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Journeys : Dec10 Jan11
16 December 2010 / January 2011 Destinations All points north New Zealand’s spectacular Bay of Islands and Northland Chris Viney As our speedboat skips across low Pacific Ocean swells towards the steep-sided island cut through by a deep sea cave, it’s impossible not to think about the many other craft that have made landfall here in the Bay of Islands, near the far northern tip of New Zealand. From a rocky landing opposite the island – Piercy or Motukokako to its Maori guardians – we make the short climb to the lighthouse on Cape Brett. My companion, local Maori guide Richard ‘Blandy’ Witehira, tells me the legend of Ma’ui, the great fisherman who paddled the first ancestral canoe to these waters. Ma’ui hauled up a giant fish and unhooked it – the gaping cavern in Piercy Island marks the hole the hook left behind. His canoe became the South Island – his fish, the North. As we begin the Cape Brett walk back along the seven hills of Rakaumangamanga, Blandy explains that the Bay of Islands was a landing-place for the first Maori canoes that sailed from Polynesia, just over a thousand years ago. The seven wakas carried seven Maori tr ibes, which spread out to explore and colonise the land they called Aotearoa. Throughout the Bay of Islands are ancient fortified pa sites – strongholds where the clans could retreat to safety in times of strife. These were common, as the warlike Maori people fought for ter ritor y. Much later, the Europeans came. After his voyage charting the Tasmanian coastline, e xplorer Marion du Fresne dropped anchor in the Bay of Islands. Blandy tells me that the French sailors foolishly ignored Maor i warnings to avoid fishing near sacred places and were eaten for their trouble. (“They were the first French fr ies in New Zealand, bro,” he says.) This bay was the cradle of English settlement in New Zealand. James Cook explored it, whaling ships used it as a base, and the famous Treaty of Waitangi, which formalised the shar ing of the new nation between Maori and pakeha people, was signed on the shores of the bay in 1840. Charles Darwin visited the Bay of Islands on his way home from the Galapagos in the 1830s. In the Beagle, he anchored off the wild whaling port of Kororareka, which had already been branded as ‘the hell-hole of the South Pacific’ because of the dissolute behaviour of its drunken sailors, whalers, sealers and escaped convicts. Renamed Russell, the village has lost its brothels but Piercy Island Russell, in the Bay of Islands TonyHickey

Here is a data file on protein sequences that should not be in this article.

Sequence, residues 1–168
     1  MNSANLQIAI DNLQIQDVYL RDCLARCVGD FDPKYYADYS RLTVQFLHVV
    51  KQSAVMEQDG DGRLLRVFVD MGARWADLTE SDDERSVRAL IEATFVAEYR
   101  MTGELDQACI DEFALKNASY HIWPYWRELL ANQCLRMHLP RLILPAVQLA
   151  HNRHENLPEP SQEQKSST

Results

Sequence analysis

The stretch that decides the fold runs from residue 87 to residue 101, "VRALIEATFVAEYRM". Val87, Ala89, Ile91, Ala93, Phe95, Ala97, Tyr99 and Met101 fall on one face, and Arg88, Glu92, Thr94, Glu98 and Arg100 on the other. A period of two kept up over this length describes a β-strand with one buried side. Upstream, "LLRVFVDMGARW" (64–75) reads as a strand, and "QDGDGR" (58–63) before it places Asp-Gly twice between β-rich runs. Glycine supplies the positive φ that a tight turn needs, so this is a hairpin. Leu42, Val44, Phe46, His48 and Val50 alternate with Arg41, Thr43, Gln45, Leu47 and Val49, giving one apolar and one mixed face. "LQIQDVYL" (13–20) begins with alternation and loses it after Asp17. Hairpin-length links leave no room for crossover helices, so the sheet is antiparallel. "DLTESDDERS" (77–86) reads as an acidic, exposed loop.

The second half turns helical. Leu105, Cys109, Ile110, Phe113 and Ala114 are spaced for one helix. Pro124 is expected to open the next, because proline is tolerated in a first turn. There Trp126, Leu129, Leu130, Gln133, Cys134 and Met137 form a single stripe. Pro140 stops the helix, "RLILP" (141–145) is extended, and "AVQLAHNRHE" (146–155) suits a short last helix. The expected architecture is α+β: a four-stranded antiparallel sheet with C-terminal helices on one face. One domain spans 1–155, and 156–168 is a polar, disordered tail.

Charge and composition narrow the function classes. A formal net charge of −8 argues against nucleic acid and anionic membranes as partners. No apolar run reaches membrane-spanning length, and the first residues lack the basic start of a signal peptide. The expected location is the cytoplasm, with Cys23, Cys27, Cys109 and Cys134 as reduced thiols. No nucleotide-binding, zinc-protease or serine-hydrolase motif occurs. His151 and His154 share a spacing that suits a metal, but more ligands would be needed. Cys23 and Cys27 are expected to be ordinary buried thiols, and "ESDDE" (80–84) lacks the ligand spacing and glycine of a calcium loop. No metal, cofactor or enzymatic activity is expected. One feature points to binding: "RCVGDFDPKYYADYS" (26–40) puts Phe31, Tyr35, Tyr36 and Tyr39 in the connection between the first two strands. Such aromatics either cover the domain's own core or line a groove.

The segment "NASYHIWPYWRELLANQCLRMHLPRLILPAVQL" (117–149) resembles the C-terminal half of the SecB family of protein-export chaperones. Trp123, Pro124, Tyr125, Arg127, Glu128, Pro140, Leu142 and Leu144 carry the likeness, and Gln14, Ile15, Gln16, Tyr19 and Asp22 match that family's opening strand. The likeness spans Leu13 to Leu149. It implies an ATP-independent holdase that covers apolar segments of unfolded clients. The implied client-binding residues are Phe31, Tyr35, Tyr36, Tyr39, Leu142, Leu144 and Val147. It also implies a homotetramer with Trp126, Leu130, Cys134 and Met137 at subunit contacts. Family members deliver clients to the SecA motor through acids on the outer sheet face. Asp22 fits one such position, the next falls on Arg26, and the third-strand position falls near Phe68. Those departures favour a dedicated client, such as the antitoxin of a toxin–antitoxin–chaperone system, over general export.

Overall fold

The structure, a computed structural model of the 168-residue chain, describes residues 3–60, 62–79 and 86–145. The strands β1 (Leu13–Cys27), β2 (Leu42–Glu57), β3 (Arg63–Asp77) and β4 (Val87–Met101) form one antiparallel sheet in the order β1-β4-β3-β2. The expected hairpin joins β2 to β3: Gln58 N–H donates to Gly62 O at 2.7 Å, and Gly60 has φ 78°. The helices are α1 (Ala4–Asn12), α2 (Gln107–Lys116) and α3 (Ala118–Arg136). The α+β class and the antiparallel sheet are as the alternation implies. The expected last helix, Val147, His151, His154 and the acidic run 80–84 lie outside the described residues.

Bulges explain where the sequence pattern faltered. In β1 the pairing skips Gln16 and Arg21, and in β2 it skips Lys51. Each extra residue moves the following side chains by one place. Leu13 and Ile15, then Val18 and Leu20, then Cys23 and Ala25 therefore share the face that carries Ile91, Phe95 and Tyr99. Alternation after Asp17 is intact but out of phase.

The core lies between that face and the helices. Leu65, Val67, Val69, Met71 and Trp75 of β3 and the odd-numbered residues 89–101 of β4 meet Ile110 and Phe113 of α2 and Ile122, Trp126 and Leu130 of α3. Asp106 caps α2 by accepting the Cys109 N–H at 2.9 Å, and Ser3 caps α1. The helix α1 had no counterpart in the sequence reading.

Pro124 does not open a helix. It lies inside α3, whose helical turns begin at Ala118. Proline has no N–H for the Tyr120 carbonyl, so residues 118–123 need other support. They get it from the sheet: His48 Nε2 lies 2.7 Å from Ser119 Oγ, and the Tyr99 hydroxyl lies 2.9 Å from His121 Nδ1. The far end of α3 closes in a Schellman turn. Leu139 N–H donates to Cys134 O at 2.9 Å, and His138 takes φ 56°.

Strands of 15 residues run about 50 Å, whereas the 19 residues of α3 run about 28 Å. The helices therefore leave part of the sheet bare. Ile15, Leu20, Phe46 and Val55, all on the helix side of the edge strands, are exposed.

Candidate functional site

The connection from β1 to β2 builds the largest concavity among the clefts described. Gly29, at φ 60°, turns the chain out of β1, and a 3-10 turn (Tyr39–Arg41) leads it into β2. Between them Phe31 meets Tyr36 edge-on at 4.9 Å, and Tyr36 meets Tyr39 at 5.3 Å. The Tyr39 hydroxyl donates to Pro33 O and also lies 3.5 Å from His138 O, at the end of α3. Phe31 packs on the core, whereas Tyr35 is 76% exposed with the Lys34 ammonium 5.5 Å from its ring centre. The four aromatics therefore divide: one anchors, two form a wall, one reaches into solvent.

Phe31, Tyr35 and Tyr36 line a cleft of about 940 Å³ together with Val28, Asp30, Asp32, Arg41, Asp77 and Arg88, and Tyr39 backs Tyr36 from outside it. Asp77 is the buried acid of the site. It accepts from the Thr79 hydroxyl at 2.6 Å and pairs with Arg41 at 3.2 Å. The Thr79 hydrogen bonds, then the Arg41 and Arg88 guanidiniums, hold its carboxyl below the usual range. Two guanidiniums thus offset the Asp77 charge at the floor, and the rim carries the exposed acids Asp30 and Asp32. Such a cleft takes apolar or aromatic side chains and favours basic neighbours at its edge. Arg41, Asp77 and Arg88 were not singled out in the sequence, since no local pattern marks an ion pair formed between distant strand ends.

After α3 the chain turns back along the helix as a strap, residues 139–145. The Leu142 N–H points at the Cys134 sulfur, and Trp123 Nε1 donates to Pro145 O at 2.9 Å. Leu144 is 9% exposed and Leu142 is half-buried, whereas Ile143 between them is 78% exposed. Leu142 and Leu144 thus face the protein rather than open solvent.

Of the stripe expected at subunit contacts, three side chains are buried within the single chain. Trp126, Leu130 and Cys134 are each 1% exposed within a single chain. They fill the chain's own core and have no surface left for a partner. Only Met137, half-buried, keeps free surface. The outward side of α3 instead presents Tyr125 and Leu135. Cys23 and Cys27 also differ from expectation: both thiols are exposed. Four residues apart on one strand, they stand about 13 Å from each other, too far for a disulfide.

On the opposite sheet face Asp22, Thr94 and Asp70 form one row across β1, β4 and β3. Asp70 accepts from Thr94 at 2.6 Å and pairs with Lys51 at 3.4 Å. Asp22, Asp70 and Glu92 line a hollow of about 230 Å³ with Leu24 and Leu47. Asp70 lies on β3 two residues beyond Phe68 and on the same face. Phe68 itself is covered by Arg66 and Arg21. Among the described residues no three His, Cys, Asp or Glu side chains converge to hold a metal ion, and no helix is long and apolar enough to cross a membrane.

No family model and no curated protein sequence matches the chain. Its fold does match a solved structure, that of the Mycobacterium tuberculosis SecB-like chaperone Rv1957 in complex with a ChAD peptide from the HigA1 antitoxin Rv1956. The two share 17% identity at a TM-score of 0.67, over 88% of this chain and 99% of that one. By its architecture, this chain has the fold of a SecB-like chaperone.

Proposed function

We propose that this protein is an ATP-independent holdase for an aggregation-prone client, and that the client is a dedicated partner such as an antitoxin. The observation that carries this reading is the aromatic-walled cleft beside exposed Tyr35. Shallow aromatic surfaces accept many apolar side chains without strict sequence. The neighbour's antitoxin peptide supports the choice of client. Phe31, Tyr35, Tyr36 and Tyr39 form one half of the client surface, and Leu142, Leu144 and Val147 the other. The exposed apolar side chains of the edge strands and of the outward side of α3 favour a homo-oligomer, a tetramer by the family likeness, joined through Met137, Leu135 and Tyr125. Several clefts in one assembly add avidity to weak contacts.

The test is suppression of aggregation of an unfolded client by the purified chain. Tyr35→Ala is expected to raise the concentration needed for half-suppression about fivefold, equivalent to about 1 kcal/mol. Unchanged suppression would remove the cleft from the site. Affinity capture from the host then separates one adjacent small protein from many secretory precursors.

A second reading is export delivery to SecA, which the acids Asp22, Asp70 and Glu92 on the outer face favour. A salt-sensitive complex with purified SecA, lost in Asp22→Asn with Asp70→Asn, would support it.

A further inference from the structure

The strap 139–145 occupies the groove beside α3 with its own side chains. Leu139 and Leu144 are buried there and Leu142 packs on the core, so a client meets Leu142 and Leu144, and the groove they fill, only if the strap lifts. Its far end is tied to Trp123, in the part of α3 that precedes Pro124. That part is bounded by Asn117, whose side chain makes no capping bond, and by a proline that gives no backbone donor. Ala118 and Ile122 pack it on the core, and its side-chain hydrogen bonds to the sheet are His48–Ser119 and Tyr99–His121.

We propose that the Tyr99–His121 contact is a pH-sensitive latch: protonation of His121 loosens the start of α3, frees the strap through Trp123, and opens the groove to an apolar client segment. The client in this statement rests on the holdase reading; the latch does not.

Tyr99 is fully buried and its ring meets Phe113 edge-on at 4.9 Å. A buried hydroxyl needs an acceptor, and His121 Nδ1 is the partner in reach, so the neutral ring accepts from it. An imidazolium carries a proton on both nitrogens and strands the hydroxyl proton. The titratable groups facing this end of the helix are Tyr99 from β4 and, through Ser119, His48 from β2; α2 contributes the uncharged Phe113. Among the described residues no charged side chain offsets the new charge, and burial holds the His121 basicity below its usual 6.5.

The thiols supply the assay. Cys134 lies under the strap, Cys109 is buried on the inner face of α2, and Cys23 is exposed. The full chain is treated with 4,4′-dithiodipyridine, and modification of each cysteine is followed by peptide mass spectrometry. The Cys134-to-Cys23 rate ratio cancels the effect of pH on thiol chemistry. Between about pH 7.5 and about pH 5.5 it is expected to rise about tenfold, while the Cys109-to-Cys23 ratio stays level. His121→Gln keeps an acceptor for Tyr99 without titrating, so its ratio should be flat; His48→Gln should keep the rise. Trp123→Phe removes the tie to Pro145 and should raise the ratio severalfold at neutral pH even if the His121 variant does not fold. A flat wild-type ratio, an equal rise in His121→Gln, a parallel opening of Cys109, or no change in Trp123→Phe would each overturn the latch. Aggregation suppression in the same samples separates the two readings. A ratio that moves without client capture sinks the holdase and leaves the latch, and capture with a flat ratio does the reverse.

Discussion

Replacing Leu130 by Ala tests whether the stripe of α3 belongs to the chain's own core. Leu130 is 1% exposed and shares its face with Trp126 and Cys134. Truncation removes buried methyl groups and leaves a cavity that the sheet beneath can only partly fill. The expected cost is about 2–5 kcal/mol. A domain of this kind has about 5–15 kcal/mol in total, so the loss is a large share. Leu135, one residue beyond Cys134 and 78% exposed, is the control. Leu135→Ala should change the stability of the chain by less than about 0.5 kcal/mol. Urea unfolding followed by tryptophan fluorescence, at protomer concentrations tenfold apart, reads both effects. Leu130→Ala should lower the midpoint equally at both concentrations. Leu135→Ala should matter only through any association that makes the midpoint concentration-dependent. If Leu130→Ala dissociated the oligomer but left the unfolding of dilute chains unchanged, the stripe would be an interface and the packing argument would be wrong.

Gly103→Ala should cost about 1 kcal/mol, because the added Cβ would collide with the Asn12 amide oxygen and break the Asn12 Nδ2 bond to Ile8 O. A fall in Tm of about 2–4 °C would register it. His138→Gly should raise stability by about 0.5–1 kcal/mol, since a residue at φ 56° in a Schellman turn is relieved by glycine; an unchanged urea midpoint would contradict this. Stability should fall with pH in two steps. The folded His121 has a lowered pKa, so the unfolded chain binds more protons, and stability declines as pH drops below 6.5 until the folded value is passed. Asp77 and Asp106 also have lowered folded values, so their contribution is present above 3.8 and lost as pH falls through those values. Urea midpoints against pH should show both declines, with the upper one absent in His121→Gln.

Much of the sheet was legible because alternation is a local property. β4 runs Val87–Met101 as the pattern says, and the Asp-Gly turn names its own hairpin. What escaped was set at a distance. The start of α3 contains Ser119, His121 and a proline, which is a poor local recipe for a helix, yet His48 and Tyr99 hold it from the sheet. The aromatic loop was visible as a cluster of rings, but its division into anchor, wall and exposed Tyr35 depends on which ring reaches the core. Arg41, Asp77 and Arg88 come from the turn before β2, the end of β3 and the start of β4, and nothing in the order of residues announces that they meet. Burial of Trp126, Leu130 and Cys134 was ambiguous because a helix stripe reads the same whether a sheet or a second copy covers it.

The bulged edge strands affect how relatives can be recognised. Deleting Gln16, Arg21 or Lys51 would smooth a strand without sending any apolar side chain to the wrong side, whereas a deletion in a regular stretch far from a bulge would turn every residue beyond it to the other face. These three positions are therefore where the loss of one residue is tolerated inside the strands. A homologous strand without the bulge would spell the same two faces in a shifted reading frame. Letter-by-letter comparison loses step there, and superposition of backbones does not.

Oct Nov 2010
Feb March 2011